Gen. John Nicholson, the United States commander of coalition forces in Afghanistan, said President Barack Obama had approved the strike after Mullah Mansour failed to join peace talks being organized in Pakistan.
Col. Ahmad Muslem Hayat, a former Afghan military attaché in London, said he believed that the American military had been making a point by striking Mullah Mansour on his return from Iran.
“When they target people like this, they follow them for months,” he said. “It was smart to do it to cast suspicions on Iran. They were trying to create a gap between Iran and the Taliban.”
But if that was the intention, Mr. Lalai said, it has not succeeded, judging by the way the new Taliban leader, Mawlawi Haibatullah Akhundzada, has picked up his predecessor’s work.
“I don’t think the contact is broken,” he said. “Haibatullah is still reaching out to Iran. They are desperately looking for more money if they want to extend the fight.”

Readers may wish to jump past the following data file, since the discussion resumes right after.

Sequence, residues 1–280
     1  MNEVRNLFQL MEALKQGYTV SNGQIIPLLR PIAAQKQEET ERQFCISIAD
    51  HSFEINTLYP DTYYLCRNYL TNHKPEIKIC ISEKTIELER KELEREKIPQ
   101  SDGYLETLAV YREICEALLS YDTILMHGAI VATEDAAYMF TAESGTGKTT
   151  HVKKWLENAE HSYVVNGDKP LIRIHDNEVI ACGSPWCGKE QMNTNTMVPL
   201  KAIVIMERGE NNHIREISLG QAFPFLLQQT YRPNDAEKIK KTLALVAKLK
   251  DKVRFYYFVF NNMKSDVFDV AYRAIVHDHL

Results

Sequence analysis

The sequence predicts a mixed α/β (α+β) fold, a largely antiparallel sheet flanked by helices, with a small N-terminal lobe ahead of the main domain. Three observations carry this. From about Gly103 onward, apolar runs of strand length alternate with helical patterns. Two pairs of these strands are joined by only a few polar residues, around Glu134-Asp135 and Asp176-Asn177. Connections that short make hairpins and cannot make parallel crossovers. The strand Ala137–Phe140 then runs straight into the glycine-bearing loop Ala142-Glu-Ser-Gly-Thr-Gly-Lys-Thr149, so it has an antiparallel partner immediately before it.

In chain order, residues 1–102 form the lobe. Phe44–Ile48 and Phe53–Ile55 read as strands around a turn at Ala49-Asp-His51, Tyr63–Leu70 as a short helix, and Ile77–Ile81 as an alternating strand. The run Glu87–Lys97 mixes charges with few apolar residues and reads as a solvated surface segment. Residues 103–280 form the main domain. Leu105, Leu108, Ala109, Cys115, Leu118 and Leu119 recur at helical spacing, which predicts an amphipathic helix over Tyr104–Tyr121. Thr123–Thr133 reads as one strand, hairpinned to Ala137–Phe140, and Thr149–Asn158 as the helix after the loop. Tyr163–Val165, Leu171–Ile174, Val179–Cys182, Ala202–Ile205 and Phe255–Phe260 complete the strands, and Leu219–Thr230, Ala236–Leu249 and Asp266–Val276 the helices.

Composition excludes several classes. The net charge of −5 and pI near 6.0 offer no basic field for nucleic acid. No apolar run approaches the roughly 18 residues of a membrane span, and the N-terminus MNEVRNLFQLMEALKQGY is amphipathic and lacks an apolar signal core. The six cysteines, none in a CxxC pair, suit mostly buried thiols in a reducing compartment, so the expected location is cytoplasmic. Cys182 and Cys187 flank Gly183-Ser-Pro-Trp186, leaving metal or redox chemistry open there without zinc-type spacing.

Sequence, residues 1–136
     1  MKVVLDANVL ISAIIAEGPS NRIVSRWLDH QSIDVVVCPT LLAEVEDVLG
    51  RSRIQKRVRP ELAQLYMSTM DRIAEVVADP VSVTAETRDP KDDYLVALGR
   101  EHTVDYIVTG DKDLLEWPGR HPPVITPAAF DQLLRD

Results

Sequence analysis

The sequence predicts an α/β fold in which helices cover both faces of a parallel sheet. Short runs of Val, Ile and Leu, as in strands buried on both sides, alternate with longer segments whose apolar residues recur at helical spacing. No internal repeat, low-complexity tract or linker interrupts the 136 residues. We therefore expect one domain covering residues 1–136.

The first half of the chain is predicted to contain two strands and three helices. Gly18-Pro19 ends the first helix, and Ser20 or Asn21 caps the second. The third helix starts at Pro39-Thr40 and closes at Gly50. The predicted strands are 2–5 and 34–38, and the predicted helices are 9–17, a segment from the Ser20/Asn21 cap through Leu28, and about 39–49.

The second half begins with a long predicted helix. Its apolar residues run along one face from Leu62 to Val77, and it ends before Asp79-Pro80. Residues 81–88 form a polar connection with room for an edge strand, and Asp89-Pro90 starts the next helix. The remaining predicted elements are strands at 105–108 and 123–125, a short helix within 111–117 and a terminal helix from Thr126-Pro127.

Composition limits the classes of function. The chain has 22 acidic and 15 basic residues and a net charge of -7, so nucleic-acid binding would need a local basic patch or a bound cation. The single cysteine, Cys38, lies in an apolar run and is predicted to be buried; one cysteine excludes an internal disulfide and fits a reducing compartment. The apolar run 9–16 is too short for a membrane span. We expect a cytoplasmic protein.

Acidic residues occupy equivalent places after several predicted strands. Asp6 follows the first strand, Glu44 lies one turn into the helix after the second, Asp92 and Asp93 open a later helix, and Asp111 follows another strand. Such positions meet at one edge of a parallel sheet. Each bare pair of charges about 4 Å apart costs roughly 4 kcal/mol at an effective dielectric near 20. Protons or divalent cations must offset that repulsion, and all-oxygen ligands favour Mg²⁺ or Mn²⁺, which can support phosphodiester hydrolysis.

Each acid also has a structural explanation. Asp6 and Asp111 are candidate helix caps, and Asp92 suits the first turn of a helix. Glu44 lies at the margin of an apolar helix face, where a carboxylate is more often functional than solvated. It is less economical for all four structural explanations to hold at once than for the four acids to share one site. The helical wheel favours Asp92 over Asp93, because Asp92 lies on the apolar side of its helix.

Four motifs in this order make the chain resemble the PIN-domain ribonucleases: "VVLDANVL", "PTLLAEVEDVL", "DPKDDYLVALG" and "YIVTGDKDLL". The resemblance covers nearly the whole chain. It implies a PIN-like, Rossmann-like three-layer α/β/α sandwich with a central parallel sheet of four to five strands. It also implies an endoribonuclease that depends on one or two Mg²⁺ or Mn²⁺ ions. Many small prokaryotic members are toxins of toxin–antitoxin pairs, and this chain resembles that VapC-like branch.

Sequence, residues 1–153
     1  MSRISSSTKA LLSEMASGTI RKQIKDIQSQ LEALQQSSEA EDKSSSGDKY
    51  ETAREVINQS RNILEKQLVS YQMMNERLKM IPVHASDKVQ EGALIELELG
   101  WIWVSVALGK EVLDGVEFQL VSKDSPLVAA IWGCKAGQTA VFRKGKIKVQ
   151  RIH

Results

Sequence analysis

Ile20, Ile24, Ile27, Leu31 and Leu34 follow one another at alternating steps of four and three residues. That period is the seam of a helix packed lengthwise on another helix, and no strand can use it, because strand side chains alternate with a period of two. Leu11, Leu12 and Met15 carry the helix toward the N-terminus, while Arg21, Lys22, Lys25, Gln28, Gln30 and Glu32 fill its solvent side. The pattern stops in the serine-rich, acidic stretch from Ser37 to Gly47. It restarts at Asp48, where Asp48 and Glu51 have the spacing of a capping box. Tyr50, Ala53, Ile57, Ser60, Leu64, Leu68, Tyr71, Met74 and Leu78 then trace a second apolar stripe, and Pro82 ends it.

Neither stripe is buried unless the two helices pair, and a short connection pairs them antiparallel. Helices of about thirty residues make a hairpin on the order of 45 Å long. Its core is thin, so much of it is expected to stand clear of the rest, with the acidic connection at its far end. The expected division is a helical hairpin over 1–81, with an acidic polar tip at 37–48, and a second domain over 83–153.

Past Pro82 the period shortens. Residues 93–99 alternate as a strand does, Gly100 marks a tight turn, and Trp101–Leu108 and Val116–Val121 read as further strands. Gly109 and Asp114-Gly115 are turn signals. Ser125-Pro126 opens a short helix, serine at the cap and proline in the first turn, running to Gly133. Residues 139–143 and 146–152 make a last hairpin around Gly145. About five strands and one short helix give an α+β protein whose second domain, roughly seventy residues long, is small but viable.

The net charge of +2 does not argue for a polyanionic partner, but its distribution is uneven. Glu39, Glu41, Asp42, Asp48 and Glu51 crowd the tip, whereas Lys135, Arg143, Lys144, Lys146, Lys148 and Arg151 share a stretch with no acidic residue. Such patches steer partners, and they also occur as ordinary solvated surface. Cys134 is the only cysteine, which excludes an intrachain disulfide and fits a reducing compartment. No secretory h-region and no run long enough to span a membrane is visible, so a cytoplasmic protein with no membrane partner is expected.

Intrigue in ‘Little Iran’
There is no place in Afghanistan where Iran’s influence is more deeply felt than the western city of Herat, nearly in sight of the Iranian border.
Two million Afghans took refuge in Iran during the Soviet invasion in the 1980s. Three million live and work in Iran today. Herat, sometimes called “Little Iran,” is their main gateway between the countries.
People in Herat speak with Iranian accents. Iranian schools, colleges and bookshops line the streets. Women wear the head-to-foot black chador favored in Iran. Shops are full of Iranian sweets and produce.
But even as the city is one of Afghanistan’s most decorous and peaceful, an air of intrigue infuses Herat.
The city is filled with Iranian spies, secret agents and hit squads, local officials say, and it has been plagued by multiple assassinations and kidnappings in recent years. The police say Iran is funding militant groups and criminal gangs. A former mayor says it is sponsoring terrorism.